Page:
The iPhone Apps Store is turning out to be a hit not just for Apple, but for the dozens of others who have been selling their apps on the store. Those that have been giving away their applications for free are doing even better. And now they have a way to monetize their apps. Today, a whole gaggle of free ad-supported applications are making their debut, thanks in part to AdMob, a mobile advertising startup based in San Mateo, Calif.
The company has signed up brand-name advertisers such as Herbal Essences, Fox Searchlights’ Choke, MGMs’ College, Toshiba, CBS News, Luxor Hotel and DirecTV. These advertisements are going to be embedded into popular iPhone apps such as Tap Tap Revenge by Tapulous, Sports Tap, BubbleWrap and Loopt, in addition to other apps such as Whrrl and Moblyng that already run AdMob ads. AdMob clearly believes that there’s money to be made by embedding ads into these applications — both for them, and for the app developers. [digg=http://digg.com/tech_news/The_iPhone_App_Experience_is_About_to_be_Destroyed_By_Ads]
The company claims that its new rich media ad units, which were designed for the iPhone, have hit 100 million impressions in less than a month. “The company’s new rich media ad units designed for the iPhone have been live for just over a month and now has a reach of more than 100 million impressions worldwide each month.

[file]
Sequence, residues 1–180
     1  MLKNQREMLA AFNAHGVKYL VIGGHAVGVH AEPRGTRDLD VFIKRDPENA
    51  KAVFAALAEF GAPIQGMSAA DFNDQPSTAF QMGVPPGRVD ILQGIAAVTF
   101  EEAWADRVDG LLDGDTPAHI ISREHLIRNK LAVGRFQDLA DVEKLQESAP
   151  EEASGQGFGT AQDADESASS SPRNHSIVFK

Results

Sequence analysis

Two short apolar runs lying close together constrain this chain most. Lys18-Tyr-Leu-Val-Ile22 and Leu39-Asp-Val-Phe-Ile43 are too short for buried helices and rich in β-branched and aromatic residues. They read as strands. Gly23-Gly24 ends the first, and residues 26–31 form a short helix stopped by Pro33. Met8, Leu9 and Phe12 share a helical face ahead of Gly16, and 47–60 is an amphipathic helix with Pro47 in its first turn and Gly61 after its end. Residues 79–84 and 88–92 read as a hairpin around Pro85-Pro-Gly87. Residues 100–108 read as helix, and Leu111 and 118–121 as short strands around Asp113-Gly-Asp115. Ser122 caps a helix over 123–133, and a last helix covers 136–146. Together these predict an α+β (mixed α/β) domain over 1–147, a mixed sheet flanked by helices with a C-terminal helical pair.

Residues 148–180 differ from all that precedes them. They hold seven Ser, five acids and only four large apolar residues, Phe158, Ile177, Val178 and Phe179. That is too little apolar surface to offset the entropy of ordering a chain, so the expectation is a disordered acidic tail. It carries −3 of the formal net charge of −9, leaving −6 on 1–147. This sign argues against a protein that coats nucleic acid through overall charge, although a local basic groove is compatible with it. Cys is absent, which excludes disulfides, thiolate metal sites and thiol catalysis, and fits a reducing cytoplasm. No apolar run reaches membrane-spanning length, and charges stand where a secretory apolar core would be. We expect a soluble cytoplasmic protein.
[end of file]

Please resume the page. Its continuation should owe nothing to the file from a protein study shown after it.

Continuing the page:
“Ads on the iPhone deliver strong engagement for advertisers with triple, on average, the already high click-through-rates seen on mobile,” the company claimed in a press release. If that does indeed turn out to be a sustainable metric, advertisers are likely to view as the iPhone as platform worth supporting.
I’m sure that with the availability of geo-location data, on-screen advertising can be made more relevant and thus lead to better clickthroughs. More advertising dollars on iPhone apps could encourage developers to write more apps for the platform, and that could make the platform itself more enticing to phone shoppers.
To add a dash of rationality to my own arguments, I would like to point out that my thoughts are based on data from a single month and a single company working with a handful of brand advertisers. Let’s check in a few months and see how the story unfolds.
(Disclosure, Loopt is one of the sponsors for our Mobilize 08 conference.)